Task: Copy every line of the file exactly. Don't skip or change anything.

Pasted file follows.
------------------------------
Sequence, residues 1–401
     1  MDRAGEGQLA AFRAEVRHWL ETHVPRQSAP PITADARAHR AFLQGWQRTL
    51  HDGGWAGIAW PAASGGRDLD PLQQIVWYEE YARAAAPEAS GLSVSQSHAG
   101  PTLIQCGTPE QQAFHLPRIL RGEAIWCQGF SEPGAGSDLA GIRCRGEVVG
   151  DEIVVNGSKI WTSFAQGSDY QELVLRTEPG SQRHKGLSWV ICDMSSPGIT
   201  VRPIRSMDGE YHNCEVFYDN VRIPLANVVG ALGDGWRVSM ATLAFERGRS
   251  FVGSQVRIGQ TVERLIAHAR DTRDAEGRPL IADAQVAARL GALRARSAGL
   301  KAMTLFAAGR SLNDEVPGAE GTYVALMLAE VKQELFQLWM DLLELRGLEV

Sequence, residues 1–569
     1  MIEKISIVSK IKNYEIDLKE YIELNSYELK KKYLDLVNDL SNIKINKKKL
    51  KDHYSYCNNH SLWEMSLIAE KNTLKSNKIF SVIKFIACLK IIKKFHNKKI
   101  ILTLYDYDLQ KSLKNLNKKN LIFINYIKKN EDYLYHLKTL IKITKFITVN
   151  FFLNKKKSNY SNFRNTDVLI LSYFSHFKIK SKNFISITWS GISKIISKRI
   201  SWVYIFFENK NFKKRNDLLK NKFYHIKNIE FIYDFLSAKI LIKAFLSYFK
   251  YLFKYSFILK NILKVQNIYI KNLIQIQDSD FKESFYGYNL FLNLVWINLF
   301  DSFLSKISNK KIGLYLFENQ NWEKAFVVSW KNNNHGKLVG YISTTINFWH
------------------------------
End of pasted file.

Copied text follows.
Sequence, residues 1–401
     1  MDRAGEGQLA AFRAEVRHWL ETHVPRQSAP PITADARAHR AFLQGWQRTL
    51  HDGGWAGIAW PAASGGRDLD PLQQIVWYEE YARAAAPEAS GLSVSQSHAG
   101  PTLIQCGTPE QQAFHLPRIL RGEAIWCQGF SEPGAGSDLA GIRCRGEVVG
   151  DEIVVNGSKI WTSFAQGSDY QELVLRTEPG SQRHKGLSWV ICDMSSPGIT
   201  VRPIRSMDGE YHNCEVFYDN VRIPLANVVG ALGDGWRVSM ATLAFERGRS
   251  FVGSQVRIGQ TVERLIAHAR DTRDAEGRPL IADAQVAARL GALRARSAGL
   301  KAMTLFAAGR SLNDEVPGAE GTYVALMLAE VKQELFQLWM DLLELRGLEV

Sequence, residues 1–569
     1  MIEKISIVSK IKNYEIDLKE YIELNSYELK KKYLDLVNDL SNIKINKKKL
    51  KDHYSYCNNH SLWEMSLIAE KNTLKSNKIF SVIKFIACLK IIKKFHNKKI
   101  ILTLYDYDLQ KSLKNLNKKN LIFINYIKKN EDYLYHLKTL IKITKFITVN
   151  FFLNKKKSNY SNFRNTDVLI LSYFSHFKIK SKNFISITWS GISKIISKRI
   201  SWVYIFFENK NFKKRNDLLK NKFYHIKNIE FIYDFLSAKI LIKAFLSYFK
   251  YLFKYSFILK NILKVQNIYI KNLIQIQDSD FKESFYGYNL FLNLVWINLF
   301  DSFLSKISNK KIGLYLFENQ NWEKAFVVSW KNNNHGKLVG YISTTINFWH